I don't think that's unique to the Green Party – remember Trudeau's "Her presence in cabinet speaks for itself!" right before JWR resigned. Pretending everybody on the team loves each other while they're consumed with mutual loathing might be the defining characteristic of partisan politics. (Which isn't to say it isn't amusing in this case.)

Except in this case we are talking major party split. Trudeau's leadership has never been under any threat. 

From the party's constitution:

2.1.5.2

The Leader may be removed from office by motion at a general meeting, following a non-confidence vote supported by 3/4 of Federal Council at a meeting called for that purpose.

 

Paul undermines her own leadership by repeatedly declaring victory without having come to terms with the Palestinian issue.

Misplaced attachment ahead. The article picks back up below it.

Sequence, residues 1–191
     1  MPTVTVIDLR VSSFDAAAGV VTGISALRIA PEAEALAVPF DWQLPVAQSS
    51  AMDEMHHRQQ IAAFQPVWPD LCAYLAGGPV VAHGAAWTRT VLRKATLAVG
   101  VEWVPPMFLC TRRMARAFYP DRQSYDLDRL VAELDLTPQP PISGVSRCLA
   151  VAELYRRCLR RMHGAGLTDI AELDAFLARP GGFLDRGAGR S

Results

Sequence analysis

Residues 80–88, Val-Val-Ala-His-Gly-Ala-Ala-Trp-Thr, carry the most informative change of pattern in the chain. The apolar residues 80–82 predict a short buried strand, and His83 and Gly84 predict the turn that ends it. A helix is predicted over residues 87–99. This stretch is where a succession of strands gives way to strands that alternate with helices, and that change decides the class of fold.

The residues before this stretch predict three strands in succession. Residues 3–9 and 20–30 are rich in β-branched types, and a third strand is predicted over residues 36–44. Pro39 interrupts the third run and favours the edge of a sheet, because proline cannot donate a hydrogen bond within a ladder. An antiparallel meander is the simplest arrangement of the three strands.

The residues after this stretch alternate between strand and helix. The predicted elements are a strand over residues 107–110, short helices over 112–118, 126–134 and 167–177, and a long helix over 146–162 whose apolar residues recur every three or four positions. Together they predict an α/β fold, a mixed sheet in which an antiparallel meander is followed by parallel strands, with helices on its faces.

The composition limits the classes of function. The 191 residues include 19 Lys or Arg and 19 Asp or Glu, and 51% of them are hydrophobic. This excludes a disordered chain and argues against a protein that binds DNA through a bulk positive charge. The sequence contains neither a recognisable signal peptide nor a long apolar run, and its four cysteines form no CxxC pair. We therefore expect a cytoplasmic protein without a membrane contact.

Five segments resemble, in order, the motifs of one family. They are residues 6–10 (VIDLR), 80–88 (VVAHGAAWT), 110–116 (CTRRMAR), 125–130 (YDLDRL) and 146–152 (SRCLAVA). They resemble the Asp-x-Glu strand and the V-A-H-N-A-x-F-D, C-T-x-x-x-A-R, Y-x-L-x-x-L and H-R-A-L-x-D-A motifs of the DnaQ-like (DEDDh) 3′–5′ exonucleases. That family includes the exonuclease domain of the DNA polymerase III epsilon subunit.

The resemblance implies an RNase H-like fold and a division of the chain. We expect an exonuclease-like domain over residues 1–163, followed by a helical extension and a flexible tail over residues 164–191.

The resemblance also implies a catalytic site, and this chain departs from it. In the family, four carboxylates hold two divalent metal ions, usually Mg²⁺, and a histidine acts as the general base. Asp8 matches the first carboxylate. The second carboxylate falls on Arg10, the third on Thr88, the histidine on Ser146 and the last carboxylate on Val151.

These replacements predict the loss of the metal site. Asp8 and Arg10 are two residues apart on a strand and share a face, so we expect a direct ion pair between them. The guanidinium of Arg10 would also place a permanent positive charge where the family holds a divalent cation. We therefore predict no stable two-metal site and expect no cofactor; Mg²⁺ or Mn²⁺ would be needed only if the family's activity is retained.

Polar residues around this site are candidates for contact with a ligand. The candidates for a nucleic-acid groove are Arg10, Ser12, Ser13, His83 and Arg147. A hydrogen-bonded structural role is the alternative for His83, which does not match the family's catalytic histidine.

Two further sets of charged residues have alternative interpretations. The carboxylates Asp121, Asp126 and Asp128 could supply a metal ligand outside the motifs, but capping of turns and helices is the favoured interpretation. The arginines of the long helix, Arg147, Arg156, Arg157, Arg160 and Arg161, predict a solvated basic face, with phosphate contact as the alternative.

She is trying to shut down dissent while maintaining her own position on Israel and Palestine through minimizing her comments so she doesn't directly contradict policy. But, she is required to support policy not just avoid contradicting it. 

Zatzman has doubled down on what he said and Paul refuses to disagree with him. Paul is trying to make it about the Council trying to rule her rather than the Council demanding that she support Green policy which is within their official duties as representatives of the membership. 

I find it interesting that only Global is reporting on this:

https://globalnews.ca/news/8048315/green-party-annamie-paul-legal-action/

The Green Party of Canada Fund said that an arbitrator exceeded their authority when they required party executives to call off their vote of non-confidence against Paul last weekend, according to court filings.

The filings argued that Paul’s employment contract was with the Green Fund and not with the federal council, the latter of which is the main governing body of the party that had tried to boot the green leader.